“A Book of Verses underneath the Bough,
A Jug of Wine, a Loaf of Bread – and Thou
Beside me singing in the Wilderness –
O Wilderness were Paradise enow!”
Note the unusual rhymes; note the list of essentials for paradise – poetry, nature, food and wine, company (including love and sex no doubt) and music – a more satisfying catalogue than the celebrity, riches and power that are the aspirations of today.
In addition to this, the poem stirs up a delicious blend of English in different forms: colloquial speech, archaisms, exclamations, asides, superb and exotic metaphors (some of them extended), direct speech, apostrophe, rhetorical questions, repetitions, lists, emphases, interjections, even typographical innovations. This bravura display is richer than anything in the scanty Persian originals; it identifies the poem instantly as the work of one man, the modest bard from Suffolk.
For decades the poem was bedevilled by the question of translation. FitzGerald was castigated for having distorted the original verses through ignorance. In fact, he was deliberately altering, combining and developing the verses of Omar Khayyam, a 12th-century poet who is remembered as a talented astronomer-mathematician, but not as a great Persian poet like Sadi or Hafiz. Many of the quatrains attributed to him have been falsely ascribed.
The best thing to do with Omar Khayyam is to acknowledge him as an invaluable source and then to leave the 19th-century verses to be judged in the context of English poetry.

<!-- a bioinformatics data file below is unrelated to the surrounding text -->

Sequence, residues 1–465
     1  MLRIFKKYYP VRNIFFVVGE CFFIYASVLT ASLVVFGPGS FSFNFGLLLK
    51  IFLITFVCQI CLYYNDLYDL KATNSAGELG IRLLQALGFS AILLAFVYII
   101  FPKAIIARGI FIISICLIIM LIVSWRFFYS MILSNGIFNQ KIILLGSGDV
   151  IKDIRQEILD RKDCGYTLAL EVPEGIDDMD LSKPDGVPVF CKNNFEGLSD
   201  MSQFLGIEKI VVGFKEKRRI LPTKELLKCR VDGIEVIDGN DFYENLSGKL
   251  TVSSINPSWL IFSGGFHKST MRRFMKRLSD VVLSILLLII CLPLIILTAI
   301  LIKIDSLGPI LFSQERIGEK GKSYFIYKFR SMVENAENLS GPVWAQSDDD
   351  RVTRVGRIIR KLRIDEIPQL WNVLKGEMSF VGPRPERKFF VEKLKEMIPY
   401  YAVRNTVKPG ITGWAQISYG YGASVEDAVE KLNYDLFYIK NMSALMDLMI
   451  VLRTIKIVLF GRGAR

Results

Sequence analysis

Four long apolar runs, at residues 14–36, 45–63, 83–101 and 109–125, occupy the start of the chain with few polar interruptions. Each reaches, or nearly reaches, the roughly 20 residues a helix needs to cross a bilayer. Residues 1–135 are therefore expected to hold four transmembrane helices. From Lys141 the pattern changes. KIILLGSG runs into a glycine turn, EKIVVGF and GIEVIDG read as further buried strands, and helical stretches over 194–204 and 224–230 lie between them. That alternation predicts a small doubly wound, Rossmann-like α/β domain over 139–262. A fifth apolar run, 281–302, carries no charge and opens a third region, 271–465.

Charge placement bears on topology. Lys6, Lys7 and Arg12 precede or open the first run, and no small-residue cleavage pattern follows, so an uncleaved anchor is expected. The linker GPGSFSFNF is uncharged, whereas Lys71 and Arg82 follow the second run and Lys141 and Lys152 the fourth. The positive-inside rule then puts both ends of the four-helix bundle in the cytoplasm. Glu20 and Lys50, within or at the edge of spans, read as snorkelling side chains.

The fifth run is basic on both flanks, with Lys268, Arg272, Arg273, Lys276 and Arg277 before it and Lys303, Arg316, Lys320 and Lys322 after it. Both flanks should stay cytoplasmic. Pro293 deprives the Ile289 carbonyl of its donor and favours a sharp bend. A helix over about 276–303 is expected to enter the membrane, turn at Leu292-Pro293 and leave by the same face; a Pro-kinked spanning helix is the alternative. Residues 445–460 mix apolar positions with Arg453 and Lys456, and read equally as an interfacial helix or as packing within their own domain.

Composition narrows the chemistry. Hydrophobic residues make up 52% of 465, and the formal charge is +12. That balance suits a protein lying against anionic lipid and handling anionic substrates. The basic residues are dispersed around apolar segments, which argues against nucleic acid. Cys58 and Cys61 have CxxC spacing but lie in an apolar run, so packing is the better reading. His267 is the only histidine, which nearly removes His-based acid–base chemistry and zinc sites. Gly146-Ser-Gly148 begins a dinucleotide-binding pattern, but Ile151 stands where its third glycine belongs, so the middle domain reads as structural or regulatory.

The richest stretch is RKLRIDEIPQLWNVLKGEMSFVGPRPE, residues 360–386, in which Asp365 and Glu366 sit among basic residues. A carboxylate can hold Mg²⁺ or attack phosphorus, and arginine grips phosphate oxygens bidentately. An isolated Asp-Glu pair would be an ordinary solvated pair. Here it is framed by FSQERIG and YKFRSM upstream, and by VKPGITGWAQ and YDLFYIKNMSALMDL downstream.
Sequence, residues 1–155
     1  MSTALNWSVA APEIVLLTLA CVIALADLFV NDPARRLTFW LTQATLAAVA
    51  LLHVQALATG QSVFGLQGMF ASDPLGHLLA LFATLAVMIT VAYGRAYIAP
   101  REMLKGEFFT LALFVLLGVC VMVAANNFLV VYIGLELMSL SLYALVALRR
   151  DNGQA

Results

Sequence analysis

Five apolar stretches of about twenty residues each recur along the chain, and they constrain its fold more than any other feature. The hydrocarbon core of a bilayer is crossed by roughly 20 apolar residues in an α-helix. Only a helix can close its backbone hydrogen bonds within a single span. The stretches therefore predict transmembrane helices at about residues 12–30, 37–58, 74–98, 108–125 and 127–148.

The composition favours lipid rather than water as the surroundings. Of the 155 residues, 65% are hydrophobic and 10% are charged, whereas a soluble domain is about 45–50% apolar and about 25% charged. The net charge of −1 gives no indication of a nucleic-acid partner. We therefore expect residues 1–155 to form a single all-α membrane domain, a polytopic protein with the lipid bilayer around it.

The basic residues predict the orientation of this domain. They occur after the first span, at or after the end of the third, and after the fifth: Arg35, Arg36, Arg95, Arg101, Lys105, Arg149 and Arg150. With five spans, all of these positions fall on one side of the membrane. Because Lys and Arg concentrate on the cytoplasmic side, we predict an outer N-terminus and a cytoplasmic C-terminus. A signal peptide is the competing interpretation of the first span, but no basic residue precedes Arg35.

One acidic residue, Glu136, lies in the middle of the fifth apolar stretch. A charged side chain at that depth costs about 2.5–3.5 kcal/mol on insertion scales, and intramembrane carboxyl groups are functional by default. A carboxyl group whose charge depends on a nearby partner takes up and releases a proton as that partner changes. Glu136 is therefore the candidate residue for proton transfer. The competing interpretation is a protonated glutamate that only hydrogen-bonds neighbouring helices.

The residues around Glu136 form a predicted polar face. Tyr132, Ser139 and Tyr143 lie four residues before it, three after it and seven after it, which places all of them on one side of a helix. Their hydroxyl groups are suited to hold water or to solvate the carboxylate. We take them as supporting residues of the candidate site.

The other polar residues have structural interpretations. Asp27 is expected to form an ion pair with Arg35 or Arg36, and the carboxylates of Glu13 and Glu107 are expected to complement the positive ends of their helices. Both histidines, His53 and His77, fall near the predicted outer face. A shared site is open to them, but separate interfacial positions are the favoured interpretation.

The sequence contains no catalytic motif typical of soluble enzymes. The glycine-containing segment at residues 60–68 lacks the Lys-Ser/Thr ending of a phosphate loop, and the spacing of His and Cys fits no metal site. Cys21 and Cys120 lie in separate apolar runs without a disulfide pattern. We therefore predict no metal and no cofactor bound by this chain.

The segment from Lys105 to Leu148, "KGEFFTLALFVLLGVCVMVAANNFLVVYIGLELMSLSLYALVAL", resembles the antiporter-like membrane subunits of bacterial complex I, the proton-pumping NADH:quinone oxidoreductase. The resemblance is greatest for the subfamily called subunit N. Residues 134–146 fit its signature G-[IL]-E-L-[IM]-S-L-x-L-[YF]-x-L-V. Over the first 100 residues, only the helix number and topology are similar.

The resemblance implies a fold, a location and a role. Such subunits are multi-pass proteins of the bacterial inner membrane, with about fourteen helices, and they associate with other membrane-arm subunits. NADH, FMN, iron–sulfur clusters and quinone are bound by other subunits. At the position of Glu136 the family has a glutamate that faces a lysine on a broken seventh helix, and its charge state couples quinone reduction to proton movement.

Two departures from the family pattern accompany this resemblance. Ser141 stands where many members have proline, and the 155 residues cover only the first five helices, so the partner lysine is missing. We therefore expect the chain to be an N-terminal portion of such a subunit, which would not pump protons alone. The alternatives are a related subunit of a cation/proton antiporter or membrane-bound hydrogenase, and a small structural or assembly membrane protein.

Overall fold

It is we who have provided the Persian/Iranian nation with a literary celebrity of worldwide renown (whose “tomb” in Nishapur is now visited by thousands) rather than the other way round.
Another source of controversy surrounding The Rubaiyat has concerned their meaning. Are they a gentle call to hedonism in the face of our inexorable mortality? Or is the “wine” that is mentioned so frequently a symbol of divine love?
The answer is that these open-ended verses will support a metaphorical reading if that is what the reader wants.
But most people encountering the immortal lines,
“Drink! for you know not whence you came nor why:
Drink! for you know not why you go, nor where”
will tend to take the remarks at face value. From these 20 monosyllables alone (including a neat chiasmus) you can see why A S Byatt has claimed that “FitzGerald’s verse is insidiously memorable. It sings in the mind.”
One mistake has been to link The Rubaiyat of Omar Khayyam with Darwin’s On the Origin of Species (also published in 1859 by a man born in 1809) and Tennyson’s In Memoriam (1850), and suggest that these three works together broke down religious certainty and ushered in an age of pessimism that is still with us.
We should leave FitzGerald out of this. His Rubaiyat is so gently resigned and beautifully amusing that there is no scale of pessimism on which it would register. Perhaps its deepest message is: “Make game of that which makes as much of thee.” When you read The Rubaiyat you are sure to remember it with a smile.
So where are we now? FitzGerald wrote some of the best-known and best-loved poetry in our language, the quality of which leaves its Persian origins far behind. Yet he is without honour in his own country. FitzGerald can be compared to Thomas Gray or A E Housman.